This isn’t particularly difficult, Ditum.

[Read more…]

Social constructionism in sex

My inestimable colleague Crip Dyke reminded me that I’ve never justified the vocabulary I use in my writings on trans issues. In her post, “Every Other Trans Person is Wrong,” she explains that consensus is seldom achieved among minority communities, and yet this does not excuse inaction in the face of oppression on the part of majorities. It’s true–I couldn’t possibly hope to wrangle in the entirety of all trans people on the planet, but she is correct when she writes elsewhere that my word choices on trans issues are deliberate and calculated to achieve specific ends, despite the lack of universal agreement among those for whom the terms may apply. So today I’d like to show my work and demonstrate that calculation. I can’t form The Official Consensus of Teh Trans, but if you understand why I use the words that I do, you’ll be better equipped to respond to differences of opinion within the trans community, and thus the lack of apparent consensus may be less intimidating in your wish to materialize your good will towards trans folk into substantive action. (This post obviously assumes you have that good will. If you don’t, that’s a tirade for another day.)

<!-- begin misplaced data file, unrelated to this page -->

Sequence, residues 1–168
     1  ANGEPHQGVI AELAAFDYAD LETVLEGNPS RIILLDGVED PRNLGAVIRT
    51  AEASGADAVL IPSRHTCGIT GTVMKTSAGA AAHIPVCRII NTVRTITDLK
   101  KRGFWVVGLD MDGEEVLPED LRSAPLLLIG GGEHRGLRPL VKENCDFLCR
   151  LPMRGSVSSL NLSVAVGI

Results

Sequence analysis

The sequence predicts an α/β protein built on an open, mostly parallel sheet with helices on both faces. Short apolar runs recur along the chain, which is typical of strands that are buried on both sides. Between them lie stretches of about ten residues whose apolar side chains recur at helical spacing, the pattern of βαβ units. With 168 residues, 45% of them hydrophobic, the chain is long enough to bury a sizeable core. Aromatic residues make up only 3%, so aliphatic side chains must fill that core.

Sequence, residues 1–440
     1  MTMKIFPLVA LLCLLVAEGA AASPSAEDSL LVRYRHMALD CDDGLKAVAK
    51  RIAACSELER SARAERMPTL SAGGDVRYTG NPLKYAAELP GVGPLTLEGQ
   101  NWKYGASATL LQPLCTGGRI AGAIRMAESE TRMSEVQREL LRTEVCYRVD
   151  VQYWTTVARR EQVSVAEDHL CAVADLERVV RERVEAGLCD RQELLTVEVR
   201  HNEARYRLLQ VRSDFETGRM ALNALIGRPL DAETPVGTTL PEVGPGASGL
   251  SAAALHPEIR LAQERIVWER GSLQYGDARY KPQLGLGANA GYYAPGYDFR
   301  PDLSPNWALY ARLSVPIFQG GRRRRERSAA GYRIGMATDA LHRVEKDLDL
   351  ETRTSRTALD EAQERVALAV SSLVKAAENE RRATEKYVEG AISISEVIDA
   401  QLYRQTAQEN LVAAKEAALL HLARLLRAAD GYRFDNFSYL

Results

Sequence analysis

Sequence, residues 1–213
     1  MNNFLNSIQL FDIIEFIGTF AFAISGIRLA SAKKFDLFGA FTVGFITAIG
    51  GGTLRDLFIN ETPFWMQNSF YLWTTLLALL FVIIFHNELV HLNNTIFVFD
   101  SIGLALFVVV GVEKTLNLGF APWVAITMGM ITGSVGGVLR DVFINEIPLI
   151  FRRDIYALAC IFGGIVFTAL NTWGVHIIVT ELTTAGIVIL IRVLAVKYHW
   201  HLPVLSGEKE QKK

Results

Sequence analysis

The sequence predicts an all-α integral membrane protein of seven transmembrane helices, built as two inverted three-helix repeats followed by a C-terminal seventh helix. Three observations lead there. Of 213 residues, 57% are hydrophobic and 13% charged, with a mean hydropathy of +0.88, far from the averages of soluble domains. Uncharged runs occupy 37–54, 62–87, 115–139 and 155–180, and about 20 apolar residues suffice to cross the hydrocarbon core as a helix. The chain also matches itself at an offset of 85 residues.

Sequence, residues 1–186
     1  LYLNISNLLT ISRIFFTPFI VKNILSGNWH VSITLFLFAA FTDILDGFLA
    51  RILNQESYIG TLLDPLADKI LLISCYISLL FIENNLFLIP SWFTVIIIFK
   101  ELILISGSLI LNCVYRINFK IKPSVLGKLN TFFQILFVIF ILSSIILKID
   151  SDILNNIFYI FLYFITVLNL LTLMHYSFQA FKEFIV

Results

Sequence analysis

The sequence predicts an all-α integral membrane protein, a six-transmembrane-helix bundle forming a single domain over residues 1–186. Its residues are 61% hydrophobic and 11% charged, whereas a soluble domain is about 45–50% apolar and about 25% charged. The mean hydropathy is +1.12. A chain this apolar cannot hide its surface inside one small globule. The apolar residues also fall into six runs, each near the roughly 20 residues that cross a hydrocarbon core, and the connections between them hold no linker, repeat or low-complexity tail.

Content Notice: I am going to invoke cissexism and endosex supremacy specifically as a means to discuss it. In addition there is a sex ed component where I show variations in genitalia in a non-sexualized fashion, but in our sadly unenlightened society that is nonetheless NSFW.

[Read more…]